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NI FEATURE: THE EDITORIAL DEBATE II-- PROS AND CONS
Year : 2017  |  Volume : 65  |  Issue : 4  |  Page : 703-705

The enigma of neuroinflammation


All India Institute of Medical Sciences, New Delhi; Department of Neurosurgery, National Brain Research Institute, Manesar, Haryana, India

Date of Web Publication5-Jul-2017

Correspondence Address:
Prakash N Tandon
Department of Neurosurgery, National Brain Research Institute, Manesar, Haryana
India
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Source of Support: None, Conflict of Interest: None


DOI: 10.4103/neuroindia.NI_517_17

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How to cite this article:
Tandon PN. The enigma of neuroinflammation. Neurol India 2017;65:703-5

How to cite this URL:
Tandon PN. The enigma of neuroinflammation. Neurol India [serial online] 2017 [cited 2019 Dec 10];65:703-5. Available from: http://www.neurologyindia.com/text.asp?2017/65/4/703/209518




It has now been unequivocally established that neuroinflammation (NI) accompanies most of the pathologies of the central nervous system – both acute and chronic, infective and non-infective.[1],[2],[3],[4],[5] However, its clinical implications are ill-understood. Though its existence in diverse ailments including developmental disorders like autism,[6],[7],[8] traumatic brain injury,[9],[10],[11],[12] ischaemic stroke,[13],[14] neoplasms particularly gliomas,[15],[16] and host of neurodegenerative disorders especially Alzheimer disease,[17],[18],[19] Parkinson's disease,[20],[21] multiple sclerosis,[22] and even ageing,[23],[24] and metabolic syndrome,[25],[26],[27] is well documented, the precise role that it plays in the pathogenesis of these disorders remains elusive. Although probably triggered by many different initiating events, the cascade of events that follow are not necessarily identical.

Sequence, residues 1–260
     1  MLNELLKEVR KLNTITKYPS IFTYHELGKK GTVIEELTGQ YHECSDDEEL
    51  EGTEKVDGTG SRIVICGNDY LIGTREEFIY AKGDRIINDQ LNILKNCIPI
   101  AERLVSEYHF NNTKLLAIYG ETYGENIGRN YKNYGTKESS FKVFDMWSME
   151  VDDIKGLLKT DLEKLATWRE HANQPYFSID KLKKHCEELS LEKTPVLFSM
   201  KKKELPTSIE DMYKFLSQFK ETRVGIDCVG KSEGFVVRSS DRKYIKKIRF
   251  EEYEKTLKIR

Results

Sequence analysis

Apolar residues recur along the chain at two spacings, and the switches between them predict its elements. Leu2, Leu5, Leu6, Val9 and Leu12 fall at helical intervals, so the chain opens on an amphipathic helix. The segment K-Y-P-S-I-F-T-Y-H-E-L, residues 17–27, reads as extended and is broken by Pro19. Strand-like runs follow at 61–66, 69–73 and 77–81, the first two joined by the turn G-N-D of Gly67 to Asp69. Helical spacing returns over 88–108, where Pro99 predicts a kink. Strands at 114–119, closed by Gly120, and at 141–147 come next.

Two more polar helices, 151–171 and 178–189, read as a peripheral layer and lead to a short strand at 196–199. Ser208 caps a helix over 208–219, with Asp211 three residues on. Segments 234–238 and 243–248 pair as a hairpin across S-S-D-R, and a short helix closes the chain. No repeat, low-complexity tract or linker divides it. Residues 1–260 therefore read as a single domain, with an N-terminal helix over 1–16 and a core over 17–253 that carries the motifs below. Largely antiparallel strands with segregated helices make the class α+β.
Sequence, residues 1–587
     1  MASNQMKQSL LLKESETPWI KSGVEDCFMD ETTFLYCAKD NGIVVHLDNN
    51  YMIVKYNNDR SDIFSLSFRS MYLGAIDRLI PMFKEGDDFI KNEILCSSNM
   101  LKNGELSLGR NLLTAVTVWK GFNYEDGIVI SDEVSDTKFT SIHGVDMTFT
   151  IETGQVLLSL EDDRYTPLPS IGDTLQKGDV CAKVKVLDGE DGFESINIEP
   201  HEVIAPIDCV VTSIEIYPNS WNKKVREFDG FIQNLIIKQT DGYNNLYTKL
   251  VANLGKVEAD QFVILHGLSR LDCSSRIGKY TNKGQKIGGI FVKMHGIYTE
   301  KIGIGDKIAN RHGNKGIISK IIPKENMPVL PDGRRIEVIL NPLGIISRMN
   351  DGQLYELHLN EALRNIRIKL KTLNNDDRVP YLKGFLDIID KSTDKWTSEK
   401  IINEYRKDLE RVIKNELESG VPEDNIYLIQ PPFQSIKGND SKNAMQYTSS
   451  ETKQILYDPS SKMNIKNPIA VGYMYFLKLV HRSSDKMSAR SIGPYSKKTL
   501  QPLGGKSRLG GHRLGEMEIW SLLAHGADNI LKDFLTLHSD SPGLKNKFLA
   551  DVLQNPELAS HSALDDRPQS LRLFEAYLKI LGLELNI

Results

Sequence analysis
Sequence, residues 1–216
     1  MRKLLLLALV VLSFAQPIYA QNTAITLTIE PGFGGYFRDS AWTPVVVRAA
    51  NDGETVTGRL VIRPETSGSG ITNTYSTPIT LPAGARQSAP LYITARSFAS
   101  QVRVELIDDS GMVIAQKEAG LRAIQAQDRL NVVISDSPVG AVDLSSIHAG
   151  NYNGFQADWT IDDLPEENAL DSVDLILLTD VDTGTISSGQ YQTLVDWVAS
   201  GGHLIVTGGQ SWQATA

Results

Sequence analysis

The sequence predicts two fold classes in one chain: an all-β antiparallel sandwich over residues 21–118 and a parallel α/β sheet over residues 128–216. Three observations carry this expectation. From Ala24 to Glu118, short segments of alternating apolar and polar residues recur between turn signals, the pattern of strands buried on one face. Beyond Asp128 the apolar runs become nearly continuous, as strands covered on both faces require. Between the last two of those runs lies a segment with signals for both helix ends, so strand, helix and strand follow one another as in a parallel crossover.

The presence of neuroinflammation is revealed not on the basis of the classical signs of inflammation elsewhere in the body e.g. dolor, tumor, calor and rubor or infiltration of leucocytes, T- and B-lymphocytes and macrophages, but on the basis of cytological and molecular evidence of an innate immune response, as manifested by activated microglia and astrocytes and associated proinflammatory cytokines and chemokines. The participation of the adaptive immune system with infiltration of circulatory leucocytes or macrophages is generally delayed and variable depending upon the nature of the pathological insult.[27],[28],[29],[30],[31],[32],[33]

Microglia, considered as the resident macrophages, are the most important cells for initiation and perpetuation of neuroinflammation following an insult – exogenous (trauma, infection) or endogenous (ischaemia, ageing, degeneration, demyelination). They can sense subtle changes in their microenvironment through a variety of surface receptors.[34],[35],[36],[37] Activated microglia release a variety of pro-inflammatory soluble factors which are potentially cytotoxic. Bloch and Hong (2005) enumerated more than 30 such factors including nitric oxide (NO), hydrogen peroxide (H2O2), hydroxide ion (OH), nitrate (NOO), tumor growth factor (TGF) β, prostaglandin (PGE) 2 and a variety of interleukins specially interleukin (IL)-1, and IL-6.[38] Interestingly, microglia being the first line of defence following acute neuronal injury, also secrete a number of growth factors like brain-derived neutrotrophic factor (BDNF), epidermal growth factor (EGF), nerve growth factor (NGF), etc.[39],[40],[41] The relative role of these factors in the pathophysiology of a given disorder is not well understood. Most studies are devoted to the neurotoxic aspect of this response. Bloch and Hong (2005) concluded, “Microglia are critical actors of self-propelling mechanisms of neurotoxicity.”[38]